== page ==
Willian San Andres Frias is in her 20th year of being a librarian. She finished her bachelor’s (1992) and master’s (2002) degrees in Library Science in UP Institute of Library Science, now School of Library and Information Studies. She has worked in several positions in De La Salle University Libraries, namely: periodicals librarian, collection development librarian, technical services coordinator, public programs librarian, assistant director for support services, and currently, head of DLSU’s Law Library. Her strength as a librarian lies in collection management, particularly collection assessment. She has produced close to 30 assessment studies that were instrumental in developing collection development programs of different academic libraries. She has also been invited as resource speaker by PAARL, PLAI-STLRC, PNULISAA, SMEC, and the like. She is now focused in honing her skills in law librarianship and sharing her advocacy, which is sharing collection management skills with fellow librarians.
What's your lib story? Describe how you made the choice of majoring in LIS and what was college life like for you as a LIS major. You can cite challenging stories and success stories while studying the course.
Being a librarian was never an option for me when I was young. In fact, I spent most of my idle time in high school sleeping inside the library instead of doing research and observing how librarians provide service to their students. That's why I got used to the "why's" of my former classmates when I tell them I am a librarian.
I started college in Leyte (Visayas State College of Agriculture, now Visayas State University) taking up Bachelor of Science in Experimental Statistics. But due to health reasons, I was forced to go home to Muntilupa and transferred to UP Diliman, where I was offered three possible courses, Public Administration, Mass Communication and Library Science. A typical promdi that I was, I chose the course which did not entail facing people that much – which is library science. I planned to shift back to Statistics after a year, which did not happen, because I fell in love with my teachers who treated their students like their own children, my classmates who became life-long friends and my course, which promised a lot of possibilities during that time . The passing of RA 6966 made my final decision to finish the course and become a librarian.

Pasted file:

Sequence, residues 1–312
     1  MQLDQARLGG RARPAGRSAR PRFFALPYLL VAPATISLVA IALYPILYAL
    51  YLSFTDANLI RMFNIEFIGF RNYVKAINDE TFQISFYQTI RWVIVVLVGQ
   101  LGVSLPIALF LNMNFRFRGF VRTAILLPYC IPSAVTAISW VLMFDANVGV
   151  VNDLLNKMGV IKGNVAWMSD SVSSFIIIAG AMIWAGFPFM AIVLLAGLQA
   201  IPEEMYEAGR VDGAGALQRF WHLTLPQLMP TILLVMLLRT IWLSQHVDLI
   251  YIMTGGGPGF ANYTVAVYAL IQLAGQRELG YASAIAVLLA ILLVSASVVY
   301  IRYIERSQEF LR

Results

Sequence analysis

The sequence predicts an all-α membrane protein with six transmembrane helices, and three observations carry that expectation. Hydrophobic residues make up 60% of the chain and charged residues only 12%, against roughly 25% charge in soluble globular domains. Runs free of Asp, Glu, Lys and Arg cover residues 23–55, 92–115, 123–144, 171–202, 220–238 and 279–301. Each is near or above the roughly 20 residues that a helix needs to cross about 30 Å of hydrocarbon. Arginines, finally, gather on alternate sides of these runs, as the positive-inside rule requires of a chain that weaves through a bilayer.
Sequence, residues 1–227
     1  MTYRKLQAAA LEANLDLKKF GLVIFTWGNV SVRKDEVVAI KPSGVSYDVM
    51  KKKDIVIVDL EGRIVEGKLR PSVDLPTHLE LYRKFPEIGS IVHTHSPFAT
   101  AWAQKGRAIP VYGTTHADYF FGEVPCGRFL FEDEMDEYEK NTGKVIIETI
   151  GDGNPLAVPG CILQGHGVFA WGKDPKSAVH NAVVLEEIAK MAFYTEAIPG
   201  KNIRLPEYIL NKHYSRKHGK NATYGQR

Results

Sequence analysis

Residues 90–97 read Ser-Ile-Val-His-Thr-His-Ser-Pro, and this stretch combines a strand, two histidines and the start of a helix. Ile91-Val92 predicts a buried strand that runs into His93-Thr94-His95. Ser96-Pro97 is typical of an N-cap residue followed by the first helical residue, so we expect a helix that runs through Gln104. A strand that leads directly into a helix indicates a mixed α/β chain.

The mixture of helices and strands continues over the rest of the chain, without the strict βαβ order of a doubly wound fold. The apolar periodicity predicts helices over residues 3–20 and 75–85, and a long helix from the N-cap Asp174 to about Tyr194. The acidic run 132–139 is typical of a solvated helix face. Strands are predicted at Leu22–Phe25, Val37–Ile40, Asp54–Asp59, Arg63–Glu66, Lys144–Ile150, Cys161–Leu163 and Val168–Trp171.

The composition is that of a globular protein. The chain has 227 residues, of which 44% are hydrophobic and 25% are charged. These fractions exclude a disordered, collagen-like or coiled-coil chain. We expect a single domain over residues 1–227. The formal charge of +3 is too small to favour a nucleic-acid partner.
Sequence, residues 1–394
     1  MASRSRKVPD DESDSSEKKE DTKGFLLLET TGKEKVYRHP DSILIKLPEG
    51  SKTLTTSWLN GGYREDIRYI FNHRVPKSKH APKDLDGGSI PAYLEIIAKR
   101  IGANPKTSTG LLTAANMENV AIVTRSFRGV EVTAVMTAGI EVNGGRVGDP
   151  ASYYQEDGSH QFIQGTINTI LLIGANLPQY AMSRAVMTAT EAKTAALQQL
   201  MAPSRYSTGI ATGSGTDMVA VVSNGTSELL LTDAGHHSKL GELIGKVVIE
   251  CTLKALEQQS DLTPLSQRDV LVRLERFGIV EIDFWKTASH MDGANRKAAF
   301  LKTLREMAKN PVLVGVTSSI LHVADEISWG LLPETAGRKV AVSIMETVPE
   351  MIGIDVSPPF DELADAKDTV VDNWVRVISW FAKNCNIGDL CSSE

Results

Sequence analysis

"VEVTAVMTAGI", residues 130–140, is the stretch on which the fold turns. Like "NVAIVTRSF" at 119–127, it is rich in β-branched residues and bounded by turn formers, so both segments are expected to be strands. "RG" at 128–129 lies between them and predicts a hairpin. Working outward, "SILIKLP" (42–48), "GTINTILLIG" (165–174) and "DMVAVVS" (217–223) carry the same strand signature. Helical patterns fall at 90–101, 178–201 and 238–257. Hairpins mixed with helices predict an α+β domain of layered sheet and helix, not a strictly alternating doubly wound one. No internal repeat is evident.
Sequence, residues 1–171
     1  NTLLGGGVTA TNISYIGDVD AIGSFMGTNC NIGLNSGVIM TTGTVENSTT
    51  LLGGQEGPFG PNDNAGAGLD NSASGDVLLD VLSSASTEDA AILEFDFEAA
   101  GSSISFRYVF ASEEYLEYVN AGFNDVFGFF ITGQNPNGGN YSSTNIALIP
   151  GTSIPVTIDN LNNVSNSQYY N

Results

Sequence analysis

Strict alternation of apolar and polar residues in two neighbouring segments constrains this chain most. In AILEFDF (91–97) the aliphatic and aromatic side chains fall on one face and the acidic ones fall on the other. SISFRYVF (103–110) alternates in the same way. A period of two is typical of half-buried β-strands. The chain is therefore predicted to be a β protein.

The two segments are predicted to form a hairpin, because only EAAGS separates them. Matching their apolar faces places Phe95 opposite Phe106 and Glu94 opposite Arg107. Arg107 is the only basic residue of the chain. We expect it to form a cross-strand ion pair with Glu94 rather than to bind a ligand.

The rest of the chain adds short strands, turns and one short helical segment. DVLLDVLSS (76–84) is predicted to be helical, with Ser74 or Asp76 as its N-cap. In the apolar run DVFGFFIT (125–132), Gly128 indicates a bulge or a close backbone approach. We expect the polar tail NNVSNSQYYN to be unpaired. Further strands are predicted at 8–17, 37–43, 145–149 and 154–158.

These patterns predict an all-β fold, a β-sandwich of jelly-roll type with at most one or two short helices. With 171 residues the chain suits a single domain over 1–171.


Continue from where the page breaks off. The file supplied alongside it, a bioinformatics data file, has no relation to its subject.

In college I was just a typical UP student. I joined rallies (anti-US bases was very active then), watched frat wars, engaged in organizational activities, and the like. I was helpful in UPLISSA activities especially in fund-raising activities like selling flowers on Valentines' Day and playing Bingo before Christmas Party. I was not able to join most of the students' activities because I had to go home to Muntinlupa every single day of my student life. Maybe that was why I often used the maximum number of absences per class and was always ready to miss the final exams if my tentative grade would at least be 2.5 - I believed it was enough for me to pass for I do not know what to make use of the rest -aanhin ko pa ang sobra? (This is a self-philosophy which is well-kept from my children). It was also the reason why I was already on my last semester in UP when I enjoyed being a college scholar.
I was a summer graduate of 1992, a semester late in taking the first librarian licensure examination. Thus, I worked without having a license at first. It only took a referral letter from Dr. Ursula Picache for me to be accepted in De La Salle University as an assistant librarian. Whatever Dr. Picache wrote in her referral letter must have impressed Ms. Perla Garcia, then the DLSU Library Director, to accept me, even without experience, with not-so-outstanding grades, and dressed with the typical tattered jeans during the interview.